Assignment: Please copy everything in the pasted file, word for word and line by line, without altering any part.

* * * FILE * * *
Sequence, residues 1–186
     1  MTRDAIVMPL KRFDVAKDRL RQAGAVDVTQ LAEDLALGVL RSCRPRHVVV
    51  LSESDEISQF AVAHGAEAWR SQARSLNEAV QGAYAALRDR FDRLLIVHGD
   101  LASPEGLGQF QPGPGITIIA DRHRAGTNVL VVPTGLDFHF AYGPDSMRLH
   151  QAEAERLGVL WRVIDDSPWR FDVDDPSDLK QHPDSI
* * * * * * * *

Sequence, residues 1–186
     1  MTRDAIVMPL KRFDVAKDRL RQAGAVDVTQ LAEDLALGVL RSCRPRHVVV
    51  LSESDEISQF AVAHGAEAWR SQARSLNEAV QGAYAALRDR FDRLLIVHGD
   101  LASPEGLGQF QPGPGITIIA DRHRAGTNVL VVPTGLDFHF AYGPDSMRLH
   151  QAEAERLGVL WRVIDDSPWR FDVDDPSDLK QHPDSI